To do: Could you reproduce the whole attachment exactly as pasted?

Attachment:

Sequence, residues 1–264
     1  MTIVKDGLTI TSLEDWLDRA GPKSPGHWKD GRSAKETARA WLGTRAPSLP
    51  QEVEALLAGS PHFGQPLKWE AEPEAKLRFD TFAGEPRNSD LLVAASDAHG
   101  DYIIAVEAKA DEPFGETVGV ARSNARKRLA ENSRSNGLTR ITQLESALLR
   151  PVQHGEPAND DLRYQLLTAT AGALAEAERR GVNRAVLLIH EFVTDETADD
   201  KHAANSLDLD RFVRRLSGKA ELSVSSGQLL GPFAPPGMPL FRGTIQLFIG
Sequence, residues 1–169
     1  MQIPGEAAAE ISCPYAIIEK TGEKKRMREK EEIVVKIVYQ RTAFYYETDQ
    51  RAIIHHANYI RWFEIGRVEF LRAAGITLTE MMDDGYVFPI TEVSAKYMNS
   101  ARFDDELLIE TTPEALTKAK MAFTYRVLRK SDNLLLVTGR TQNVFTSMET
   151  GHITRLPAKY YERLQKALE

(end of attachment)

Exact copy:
Sequence, residues 1–264
     1  MTIVKDGLTI TSLEDWLDRA GPKSPGHWKD GRSAKETARA WLGTRAPSLP
    51  QEVEALLAGS PHFGQPLKWE AEPEAKLRFD TFAGEPRNSD LLVAASDAHG
   101  DYIIAVEAKA DEPFGETVGV ARSNARKRLA ENSRSNGLTR ITQLESALLR
   151  PVQHGEPAND DLRYQLLTAT AGALAEAERR GVNRAVLLIH EFVTDETADD
   201  KHAANSLDLD RFVRRLSGKA ELSVSSGQLL GPFAPPGMPL FRGTIQLFIG
Sequence, residues 1–169
     1  MQIPGEAAAE ISCPYAIIEK TGEKKRMREK EEIVVKIVYQ RTAFYYETDQ
    51  RAIIHHANYI RWFEIGRVEF LRAAGITLTE MMDDGYVFPI TEVSAKYMNS
   101  ARFDDELLIE TTPEALTKAK MAFTYRVLRK SDNLLLVTGR TQNVFTSMET
   151  GHITRLPAKY YERLQKALE